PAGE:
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Category Archives: East Congo

U is for Utilities (Africa)

Gathering rain in...totally did a double take.

Gathering rain in…totally did a double take.

(A to Z Blogs April 2015 – Back to Africa)

My friend warned me, “It’s the rainy season, so the utilities will be a little…you know.”

I didn’t know.

I figured from a previous visit to Congo that if the capital city of Kinshasa lost electricity and water for short durations fairly regularly that being all the way on the other side of the country meant more of that–especially given the season.

Sometimes we were without electricity for longer periods (like hours or maybe half the night), but our hosts had a generator they would run if they or we needed it. We ran the generator at the education center a good bit and went through a lot of gas which bothered me more. Like we were pouring money into a machine when beautiful bight sunshine was all around waiting to be harnessed. A little bummed that solar panels are so expensive, but I understand the need and the benefit in a different way now and am praying for supply.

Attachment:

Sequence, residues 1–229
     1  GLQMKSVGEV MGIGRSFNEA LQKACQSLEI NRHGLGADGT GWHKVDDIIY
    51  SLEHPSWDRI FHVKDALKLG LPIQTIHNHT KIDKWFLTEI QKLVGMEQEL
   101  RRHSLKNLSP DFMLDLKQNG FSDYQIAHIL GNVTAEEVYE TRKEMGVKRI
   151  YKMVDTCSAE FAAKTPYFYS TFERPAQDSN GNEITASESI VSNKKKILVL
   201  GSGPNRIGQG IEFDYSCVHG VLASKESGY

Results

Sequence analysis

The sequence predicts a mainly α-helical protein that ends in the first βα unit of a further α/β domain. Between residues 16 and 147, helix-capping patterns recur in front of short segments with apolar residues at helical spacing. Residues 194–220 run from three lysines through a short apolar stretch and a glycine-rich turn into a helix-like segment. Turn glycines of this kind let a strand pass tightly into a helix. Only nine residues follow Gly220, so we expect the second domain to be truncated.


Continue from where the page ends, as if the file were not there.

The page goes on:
The great thing about the rainy season is that when the running water stops running, there is still plenty. Our first few nights in East Congo the rain came down and the two 100 gallon(?) drums on each side of the house filled to over flowing by morning. I kind of wondered how many times you wash out a hydrochloric acid drum before you’re confident about drinking its contents, though.

When you travel in Europe you learn to take advantage of the restrooms at your lunch, cafe, snack stop because they aren’t available to anyone but customers. In Congo you learn to hop in the shower if someone says there’s hot water running. Otherwise our kind hosts lugged a 5 gallon bucket of piping hot water from the stove up to the bathroom for us. If I wasn’t doing the #AtoZChallenge for my blog, I would have entitled this “Standing Bath, Sitting Shower.” For bucket bath I find it easier to stand and run water by the cup-fulls as needed from the position where the water covers the most area. For the showers I sat though.

The shower head was what I tend to think of as European since I first saw them here and they are very common. They are the ones with the head mounted on a flexible hose that are terrific when giving the dog or a small child a bath since you can hold it at any angle and get in close where needed. What I don’t get is why they are mounted about a meter (or yard) above the bathtub. To relax under the stream of hot water, to wash out my waist length hair is to sit.